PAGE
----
All NIH grant and cooperative agreement awards include the NIH Grants Policy Statement as part of the NoA. For these terms of award, see the NIH Grants Policy Statement Part II: Terms and Conditions of NIH Grant Awards, Subpart A: General and Part II: Terms and Conditions of NIH Grant Awards, Subpart B: Terms and Conditions for Specific Types of Grants, Grantees, and Activities. More information is provided at Award Conditions and Information for NIH Grants.
Cooperative Agreement Terms and Conditions of Award
The following special terms of award are in addition to, and
not in lieu of, otherwise applicable U.S. Office of Management and Budget (OMB)
administrative guidelines, U.S. Department of Health and Human Services (DHHS)
grant administration regulations at 45 CFR Parts 74 and 92 (Part 92 is
applicable when State and local Governments are eligible to apply), and other
HHS, PHS, and NIH grant administration policies.
The administrative and funding instrument used for this program will be the cooperative agreement, an "assistance" mechanism (rather than an "acquisition" mechanism), in which substantial NIH programmatic involvement with the awardees is anticipated during the performance of the activities. Under the cooperative agreement, the NIH purpose is to support and stimulate the recipients' activities by involvement in and otherwise working jointly with the award recipients in a partnership role; it is not to assume direction, prime responsibility, or a dominant role in the activities. Consistent with this concept, the dominant role and prime responsibility resides with the awardees for the project as a whole, although specific tasks and activities may be shared among the awardees and the NIH as defined below.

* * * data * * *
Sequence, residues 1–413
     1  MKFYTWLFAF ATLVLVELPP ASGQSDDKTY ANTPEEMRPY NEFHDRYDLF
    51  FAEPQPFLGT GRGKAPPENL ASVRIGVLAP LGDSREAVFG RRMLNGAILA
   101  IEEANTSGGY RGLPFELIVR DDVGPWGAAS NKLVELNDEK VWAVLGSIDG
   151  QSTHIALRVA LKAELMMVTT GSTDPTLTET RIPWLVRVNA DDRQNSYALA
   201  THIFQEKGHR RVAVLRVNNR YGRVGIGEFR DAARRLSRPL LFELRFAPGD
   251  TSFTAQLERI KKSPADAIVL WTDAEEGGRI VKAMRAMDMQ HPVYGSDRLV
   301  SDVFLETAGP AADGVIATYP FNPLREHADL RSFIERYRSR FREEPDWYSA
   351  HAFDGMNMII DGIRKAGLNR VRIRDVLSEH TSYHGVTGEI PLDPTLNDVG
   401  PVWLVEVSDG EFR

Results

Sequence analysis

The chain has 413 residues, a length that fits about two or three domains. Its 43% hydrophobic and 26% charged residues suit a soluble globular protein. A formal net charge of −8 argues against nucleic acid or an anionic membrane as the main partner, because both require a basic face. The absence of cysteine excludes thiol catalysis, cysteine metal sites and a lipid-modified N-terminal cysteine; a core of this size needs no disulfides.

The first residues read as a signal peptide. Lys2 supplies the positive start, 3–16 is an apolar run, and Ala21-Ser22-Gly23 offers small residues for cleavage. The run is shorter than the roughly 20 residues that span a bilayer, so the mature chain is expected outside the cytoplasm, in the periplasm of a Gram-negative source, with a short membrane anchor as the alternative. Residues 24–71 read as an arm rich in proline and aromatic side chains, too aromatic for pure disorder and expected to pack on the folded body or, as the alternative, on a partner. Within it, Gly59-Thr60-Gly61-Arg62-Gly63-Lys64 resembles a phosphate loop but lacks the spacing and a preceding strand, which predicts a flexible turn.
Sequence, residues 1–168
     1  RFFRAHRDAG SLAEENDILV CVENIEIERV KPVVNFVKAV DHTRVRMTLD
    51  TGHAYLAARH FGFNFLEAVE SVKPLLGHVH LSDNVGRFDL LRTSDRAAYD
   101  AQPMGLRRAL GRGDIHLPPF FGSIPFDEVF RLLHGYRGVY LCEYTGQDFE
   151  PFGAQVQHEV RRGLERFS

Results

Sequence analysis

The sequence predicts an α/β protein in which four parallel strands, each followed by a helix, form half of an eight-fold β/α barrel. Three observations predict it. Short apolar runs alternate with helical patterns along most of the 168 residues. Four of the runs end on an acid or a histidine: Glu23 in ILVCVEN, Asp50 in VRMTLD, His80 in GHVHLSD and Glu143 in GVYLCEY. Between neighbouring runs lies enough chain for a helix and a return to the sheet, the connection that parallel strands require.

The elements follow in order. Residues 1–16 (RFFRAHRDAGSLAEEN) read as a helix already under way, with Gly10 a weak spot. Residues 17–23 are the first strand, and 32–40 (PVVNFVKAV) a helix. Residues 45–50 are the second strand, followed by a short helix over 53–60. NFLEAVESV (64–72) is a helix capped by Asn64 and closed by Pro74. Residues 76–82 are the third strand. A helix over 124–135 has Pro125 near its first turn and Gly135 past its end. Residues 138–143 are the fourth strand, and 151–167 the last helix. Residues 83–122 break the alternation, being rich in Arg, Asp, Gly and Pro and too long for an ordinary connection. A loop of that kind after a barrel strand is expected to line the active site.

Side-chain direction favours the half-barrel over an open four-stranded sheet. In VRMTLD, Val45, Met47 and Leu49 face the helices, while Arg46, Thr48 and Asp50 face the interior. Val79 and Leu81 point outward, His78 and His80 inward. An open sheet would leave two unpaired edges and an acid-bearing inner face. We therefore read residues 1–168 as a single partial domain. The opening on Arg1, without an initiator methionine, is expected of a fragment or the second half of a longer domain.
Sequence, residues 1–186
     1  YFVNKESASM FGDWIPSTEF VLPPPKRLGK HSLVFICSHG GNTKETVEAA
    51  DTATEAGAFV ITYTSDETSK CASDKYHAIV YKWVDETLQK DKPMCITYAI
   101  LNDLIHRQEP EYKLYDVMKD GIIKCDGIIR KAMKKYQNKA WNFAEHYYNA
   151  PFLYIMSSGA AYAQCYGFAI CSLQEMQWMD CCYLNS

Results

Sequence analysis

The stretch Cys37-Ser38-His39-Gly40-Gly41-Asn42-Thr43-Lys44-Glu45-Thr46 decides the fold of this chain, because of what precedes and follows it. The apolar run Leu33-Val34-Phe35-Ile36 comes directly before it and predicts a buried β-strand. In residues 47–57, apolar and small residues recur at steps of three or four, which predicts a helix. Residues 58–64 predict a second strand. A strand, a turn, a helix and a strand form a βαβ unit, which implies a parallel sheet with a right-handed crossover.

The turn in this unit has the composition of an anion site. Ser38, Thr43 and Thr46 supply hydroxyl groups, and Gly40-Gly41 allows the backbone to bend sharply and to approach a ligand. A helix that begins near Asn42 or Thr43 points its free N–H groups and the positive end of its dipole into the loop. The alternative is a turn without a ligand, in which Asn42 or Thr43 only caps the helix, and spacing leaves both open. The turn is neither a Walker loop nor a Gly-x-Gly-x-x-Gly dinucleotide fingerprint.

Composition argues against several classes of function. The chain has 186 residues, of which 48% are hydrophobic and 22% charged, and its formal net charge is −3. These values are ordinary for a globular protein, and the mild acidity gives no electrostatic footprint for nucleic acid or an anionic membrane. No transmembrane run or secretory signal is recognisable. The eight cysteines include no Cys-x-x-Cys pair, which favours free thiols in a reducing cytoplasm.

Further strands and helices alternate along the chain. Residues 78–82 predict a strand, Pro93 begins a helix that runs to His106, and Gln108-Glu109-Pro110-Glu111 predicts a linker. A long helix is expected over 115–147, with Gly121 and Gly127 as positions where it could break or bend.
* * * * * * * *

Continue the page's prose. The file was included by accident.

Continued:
The PD(s)/PI(s) will have the primary responsibility for:
Awardees are expected to make new information and materials known to the research community in a timely manner through publications, web announcements, reports to NINDS program staff, and other mechanisms.
The PD(s)/PI(s) will be responsible for the timely submission of all abstracts, manuscripts and reviews (co)authored by project investigators and supported in whole or in part under this Cooperative Agreement. The Principal Investigator and Project Leaders are requested to submit manuscripts to the NIH Project Scientist within two weeks of acceptance for publication so that an up-to-date summary of program accomplishments can be maintained. Publications and oral presentations of work conducted under this Cooperative Agreement are the responsibility of the PD(s)/PI(s) and appropriate Project Leaders and will require appropriate acknowledgement of NINDS support and the PREDICT-HD study. Timely publication of major findings is encouraged.
NIH staff have substantial programmatic involvement that is above and beyond the normal stewardship role in awards, as described below:
NINDS program staff will have substantial scientific/programmatic involvement during the conduct of this activity through technical assistance, advice and coordination. However, the role of NINDS Project Scientists will be to facilitate and not to direct the activities.
The NINDS Project Scientist will:
Additionally, an agency program official or IC program director will be responsible for the normal scientific and programmatic stewardship of the award and will be named in the award notice.
Areas of Joint Responsibility include: